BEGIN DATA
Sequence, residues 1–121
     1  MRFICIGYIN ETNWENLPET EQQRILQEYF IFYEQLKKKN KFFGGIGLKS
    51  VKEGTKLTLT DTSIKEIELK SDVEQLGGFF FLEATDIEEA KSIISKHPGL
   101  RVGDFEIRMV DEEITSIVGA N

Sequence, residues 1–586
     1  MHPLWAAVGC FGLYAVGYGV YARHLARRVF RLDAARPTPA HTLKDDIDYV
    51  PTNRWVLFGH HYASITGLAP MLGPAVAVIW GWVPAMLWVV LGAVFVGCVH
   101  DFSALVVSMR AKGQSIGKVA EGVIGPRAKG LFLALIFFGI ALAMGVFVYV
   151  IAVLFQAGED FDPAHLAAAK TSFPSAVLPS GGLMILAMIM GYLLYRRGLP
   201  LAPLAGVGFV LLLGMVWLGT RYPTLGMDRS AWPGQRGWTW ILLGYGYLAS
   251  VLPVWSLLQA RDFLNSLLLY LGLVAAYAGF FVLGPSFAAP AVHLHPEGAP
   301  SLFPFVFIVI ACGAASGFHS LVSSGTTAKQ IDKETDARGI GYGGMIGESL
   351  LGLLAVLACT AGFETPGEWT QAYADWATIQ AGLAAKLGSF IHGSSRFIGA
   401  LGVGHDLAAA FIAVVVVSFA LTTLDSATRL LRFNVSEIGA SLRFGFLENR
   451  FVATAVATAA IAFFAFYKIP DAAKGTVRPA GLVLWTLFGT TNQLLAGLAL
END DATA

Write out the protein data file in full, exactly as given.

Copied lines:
Sequence, residues 1–121
     1  MRFICIGYIN ETNWENLPET EQQRILQEYF IFYEQLKKKN KFFGGIGLKS
    51  VKEGTKLTLT DTSIKEIELK SDVEQLGGFF FLEATDIEEA KSIISKHPGL
   101  RVGDFEIRMV DEEITSIVGA N

Sequence, residues 1–586
     1  MHPLWAAVGC FGLYAVGYGV YARHLARRVF RLDAARPTPA HTLKDDIDYV
    51  PTNRWVLFGH HYASITGLAP MLGPAVAVIW GWVPAMLWVV LGAVFVGCVH
   101  DFSALVVSMR AKGQSIGKVA EGVIGPRAKG LFLALIFFGI ALAMGVFVYV
   151  IAVLFQAGED FDPAHLAAAK TSFPSAVLPS GGLMILAMIM GYLLYRRGLP
   201  LAPLAGVGFV LLLGMVWLGT RYPTLGMDRS AWPGQRGWTW ILLGYGYLAS
   251  VLPVWSLLQA RDFLNSLLLY LGLVAAYAGF FVLGPSFAAP AVHLHPEGAP
   301  SLFPFVFIVI ACGAASGFHS LVSSGTTAKQ IDKETDARGI GYGGMIGESL
   351  LGLLAVLACT AGFETPGEWT QAYADWATIQ AGLAAKLGSF IHGSSRFIGA
   401  LGVGHDLAAA FIAVVVVSFA LTTLDSATRL LRFNVSEIGA SLRFGFLENR
   451  FVATAVATAA IAFFAFYKIP DAAKGTVRPA GLVLWTLFGT TNQLLAGLAL